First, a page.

Remembering the Word: A Decentered Approach to Two-Natures Christology Restricted; Files & ToC

Copeland, Rebecca (Spring 2018)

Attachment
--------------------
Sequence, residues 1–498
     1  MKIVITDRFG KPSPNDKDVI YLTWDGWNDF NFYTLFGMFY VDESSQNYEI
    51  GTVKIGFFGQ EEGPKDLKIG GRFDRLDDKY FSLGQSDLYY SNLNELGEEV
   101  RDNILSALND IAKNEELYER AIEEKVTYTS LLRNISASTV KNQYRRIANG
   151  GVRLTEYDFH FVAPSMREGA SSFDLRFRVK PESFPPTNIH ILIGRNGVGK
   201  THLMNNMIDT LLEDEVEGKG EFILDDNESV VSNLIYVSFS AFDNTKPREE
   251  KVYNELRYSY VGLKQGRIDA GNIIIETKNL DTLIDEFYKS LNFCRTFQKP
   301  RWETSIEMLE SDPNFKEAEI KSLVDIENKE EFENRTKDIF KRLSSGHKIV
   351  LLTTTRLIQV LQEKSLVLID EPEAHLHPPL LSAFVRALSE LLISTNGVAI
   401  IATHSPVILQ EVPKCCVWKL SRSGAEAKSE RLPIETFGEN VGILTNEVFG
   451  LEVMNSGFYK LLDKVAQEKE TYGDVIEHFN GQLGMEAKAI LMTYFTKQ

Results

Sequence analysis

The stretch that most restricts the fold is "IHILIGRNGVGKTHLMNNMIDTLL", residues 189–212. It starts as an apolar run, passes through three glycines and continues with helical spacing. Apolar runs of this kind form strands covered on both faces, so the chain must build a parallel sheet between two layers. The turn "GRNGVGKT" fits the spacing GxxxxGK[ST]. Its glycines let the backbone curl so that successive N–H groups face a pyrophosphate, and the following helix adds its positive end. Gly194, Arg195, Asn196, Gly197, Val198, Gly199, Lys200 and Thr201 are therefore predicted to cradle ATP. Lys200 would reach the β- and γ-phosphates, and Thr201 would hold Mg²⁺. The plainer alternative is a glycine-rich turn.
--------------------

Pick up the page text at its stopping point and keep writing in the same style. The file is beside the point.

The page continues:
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This dissertation argues that anthropocentric assumptions have distorted the development of both conciliar christology and the challenges raised against it. By bringing the liberation hermeneutics of Delores Williams and Norman Habel into conversation with the field of biomimicry, the author develops ecomimetic interpretation as a hermeneutical strategy to resist anthropocentric biases, and then applies this strategy to the doctrine of the incarnation. This approach involves paying close attention to the lives of various creatures and engaging the perspectives of these creatures while temporarily bracketing out particularly human questions. Using this interpretive strategy, this dissertation argues that challenges to the coherence and plausibility of conciliar christology are best addressed by revisiting what the ecumenical councils meant when they stated that Christ was “homoousios (consubstantial) with the Father as to his divinity” and “homoousios (consubstantial) with us as to his humanity.” These claims lay the foundation for understanding all of reality to be composed of two ousiai, or ‘essences’—that of the Creator and that of the created. After examining the “perspectives” of four non-human creatures, the author offers a provisional understanding of created ousia as characterized by the interplay of stability and transformation, individual integrity and interdependence. This dissertation then brings that definition into conversation with the christological debates. The author responds to challenges to the plausibility of conciliar christology by recasting the incarnation as the foundation of material existence. On this foundation, the primary work of the incarnation is accomplished objectively by the incarnation itself, rather than subjectively as the cognitive appropriation of revelation. This interpretation serves the soteriological concerns of the ecumenical councils, affirms the ontological distinction between the Creator and the created that Christians have traditionally affirmed, and resists the human exceptionalism that has used the incarnation to justify unsustainable exploitation of the environment. 

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